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From Remy Maucherat <>
Subject Re: svn commit: r371765 - /tomcat/container/tc5.5.x/catalina/src/share/org/apache/catalina/connector/
Date Fri, 03 Feb 2006 08:54:34 GMT
Jan Luehe wrote:
> I don't think you are misunderstanding the spec.
> See the following javadocs snippets from ServletResponse:
>     public String getCharacterEncoding():
>      * If no character encoding
>      * has been specified, <code>ISO-8859-1</code> is returned.
>     public PrintWriter getWriter() throws IOException:
>      * If the response's character encoding has not been
>      * specified as described in <code>getCharacterEncoding</code>
>      * (i.e., the method just returns the default value
>      * <code>ISO-8859-1</code>), <code>getWriter</code>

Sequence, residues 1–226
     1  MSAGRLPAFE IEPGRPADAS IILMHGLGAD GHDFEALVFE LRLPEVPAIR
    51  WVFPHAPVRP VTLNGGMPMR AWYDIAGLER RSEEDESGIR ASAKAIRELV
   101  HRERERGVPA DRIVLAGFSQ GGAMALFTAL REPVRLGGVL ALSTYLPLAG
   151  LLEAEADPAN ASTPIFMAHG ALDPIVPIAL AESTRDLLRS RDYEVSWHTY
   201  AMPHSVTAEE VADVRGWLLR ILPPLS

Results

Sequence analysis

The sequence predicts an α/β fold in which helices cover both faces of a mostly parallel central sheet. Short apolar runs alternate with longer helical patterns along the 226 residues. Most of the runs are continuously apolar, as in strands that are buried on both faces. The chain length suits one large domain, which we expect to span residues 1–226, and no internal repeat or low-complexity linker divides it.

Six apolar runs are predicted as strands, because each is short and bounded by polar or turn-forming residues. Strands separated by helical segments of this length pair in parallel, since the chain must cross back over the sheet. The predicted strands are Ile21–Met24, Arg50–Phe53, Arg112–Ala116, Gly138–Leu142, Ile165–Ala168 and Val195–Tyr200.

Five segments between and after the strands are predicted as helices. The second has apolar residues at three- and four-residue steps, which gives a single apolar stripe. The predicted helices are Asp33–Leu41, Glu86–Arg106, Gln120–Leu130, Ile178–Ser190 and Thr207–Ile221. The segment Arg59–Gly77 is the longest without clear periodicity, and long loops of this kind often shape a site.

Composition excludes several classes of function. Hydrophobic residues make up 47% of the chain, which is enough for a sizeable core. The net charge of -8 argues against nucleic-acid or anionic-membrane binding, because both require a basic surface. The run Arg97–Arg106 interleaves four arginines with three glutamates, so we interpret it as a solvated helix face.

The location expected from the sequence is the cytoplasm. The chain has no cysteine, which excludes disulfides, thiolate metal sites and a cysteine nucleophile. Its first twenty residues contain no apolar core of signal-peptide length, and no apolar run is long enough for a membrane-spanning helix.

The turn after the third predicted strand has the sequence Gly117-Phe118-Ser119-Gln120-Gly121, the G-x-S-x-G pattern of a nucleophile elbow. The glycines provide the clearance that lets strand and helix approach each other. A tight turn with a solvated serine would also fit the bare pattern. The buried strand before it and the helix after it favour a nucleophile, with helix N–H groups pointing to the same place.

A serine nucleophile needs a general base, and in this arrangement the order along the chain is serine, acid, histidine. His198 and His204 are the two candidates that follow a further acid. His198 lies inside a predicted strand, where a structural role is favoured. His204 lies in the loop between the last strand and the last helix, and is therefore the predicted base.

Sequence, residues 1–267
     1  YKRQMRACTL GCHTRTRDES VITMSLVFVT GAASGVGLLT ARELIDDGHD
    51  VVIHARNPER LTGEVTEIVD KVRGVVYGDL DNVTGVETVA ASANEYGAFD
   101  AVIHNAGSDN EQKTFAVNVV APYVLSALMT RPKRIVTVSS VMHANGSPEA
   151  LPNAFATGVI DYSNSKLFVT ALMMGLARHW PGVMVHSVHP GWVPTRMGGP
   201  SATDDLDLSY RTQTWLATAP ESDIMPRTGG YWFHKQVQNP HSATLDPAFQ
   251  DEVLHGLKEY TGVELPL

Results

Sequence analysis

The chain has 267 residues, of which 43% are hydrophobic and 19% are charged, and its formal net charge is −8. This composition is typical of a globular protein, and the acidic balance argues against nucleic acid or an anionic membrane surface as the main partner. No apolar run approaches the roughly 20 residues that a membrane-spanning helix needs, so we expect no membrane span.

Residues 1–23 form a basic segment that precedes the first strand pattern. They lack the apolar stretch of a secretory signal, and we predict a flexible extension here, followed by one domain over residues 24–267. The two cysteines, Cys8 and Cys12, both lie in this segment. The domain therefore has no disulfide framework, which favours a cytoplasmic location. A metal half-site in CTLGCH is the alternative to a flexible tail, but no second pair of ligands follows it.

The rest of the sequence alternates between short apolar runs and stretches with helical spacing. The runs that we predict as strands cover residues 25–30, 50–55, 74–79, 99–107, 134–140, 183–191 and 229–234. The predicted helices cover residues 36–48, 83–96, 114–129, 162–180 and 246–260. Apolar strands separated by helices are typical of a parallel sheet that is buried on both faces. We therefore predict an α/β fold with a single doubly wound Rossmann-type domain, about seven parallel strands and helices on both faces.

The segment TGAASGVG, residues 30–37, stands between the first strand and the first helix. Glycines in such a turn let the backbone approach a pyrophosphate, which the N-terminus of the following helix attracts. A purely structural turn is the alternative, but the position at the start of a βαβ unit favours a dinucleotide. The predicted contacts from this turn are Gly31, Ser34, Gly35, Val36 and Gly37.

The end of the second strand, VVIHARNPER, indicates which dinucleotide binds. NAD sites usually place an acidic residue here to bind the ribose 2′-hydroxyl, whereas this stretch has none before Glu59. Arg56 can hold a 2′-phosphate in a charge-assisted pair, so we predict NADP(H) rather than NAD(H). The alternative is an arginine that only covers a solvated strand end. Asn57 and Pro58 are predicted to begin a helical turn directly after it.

>      * updates it to <code>ISO-8859-1</code>.
>     public void setCharacterEncoding(String charset):
>      * <p>Containers *must* communicate the character encoding used for
>      * the servlet response's writer to the client if the protocol
>      * provides a way for doing so. In the case of HTTP, the character
>      * encoding is communicated as part of the <code>Content-Type</code>
>      * header for text media types.

Yes, but the strict dumb application of what ended up being written 
written is definitely not what they intended, because it brings no 
benefits. I think everyone agrees that if the application is very 
careful about not specifying a charset anywhere, it shouldn't be 
forcefully added to the content-type header.

- Did you read the "for text media types" portion ? I find it important.
- "communicated as part of the Content-Type header": ISO-8859-1 is the 
default for HTTP, so one could consider it is communicated even if it is 
not physically present in the Content-Type header.


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